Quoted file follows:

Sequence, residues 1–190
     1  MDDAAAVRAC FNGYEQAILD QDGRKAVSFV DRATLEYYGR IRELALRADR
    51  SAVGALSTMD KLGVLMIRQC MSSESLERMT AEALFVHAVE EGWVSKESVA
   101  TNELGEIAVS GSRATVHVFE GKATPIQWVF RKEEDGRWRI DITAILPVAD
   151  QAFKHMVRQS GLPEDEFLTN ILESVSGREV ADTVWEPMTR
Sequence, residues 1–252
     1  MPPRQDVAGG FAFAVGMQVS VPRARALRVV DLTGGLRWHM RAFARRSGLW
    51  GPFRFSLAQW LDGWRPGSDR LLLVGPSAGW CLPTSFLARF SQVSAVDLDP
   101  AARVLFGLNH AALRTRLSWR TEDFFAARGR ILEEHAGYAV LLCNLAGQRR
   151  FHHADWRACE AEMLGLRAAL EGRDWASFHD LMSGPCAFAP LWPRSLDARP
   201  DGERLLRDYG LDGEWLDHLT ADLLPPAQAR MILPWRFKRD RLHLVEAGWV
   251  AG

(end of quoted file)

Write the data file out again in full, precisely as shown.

Sequence, residues 1–190
     1  MDDAAAVRAC FNGYEQAILD QDGRKAVSFV DRATLEYYGR IRELALRADR
    51  SAVGALSTMD KLGVLMIRQC MSSESLERMT AEALFVHAVE EGWVSKESVA
   101  TNELGEIAVS GSRATVHVFE GKATPIQWVF RKEEDGRWRI DITAILPVAD
   151  QAFKHMVRQS GLPEDEFLTN ILESVSGREV ADTVWEPMTR
Sequence, residues 1–252
     1  MPPRQDVAGG FAFAVGMQVS VPRARALRVV DLTGGLRWHM RAFARRSGLW
    51  GPFRFSLAQW LDGWRPGSDR LLLVGPSAGW CLPTSFLARF SQVSAVDLDP
   101  AARVLFGLNH AALRTRLSWR TEDFFAARGR ILEEHAGYAV LLCNLAGQRR
   151  FHHADWRACE AEMLGLRAAL EGRDWASFHD LMSGPCAFAP LWPRSLDARP
   201  DGERLLRDYG LDGEWLDHLT ADLLPPAQAR MILPWRFKRD RLHLVEAGWV
   251  AG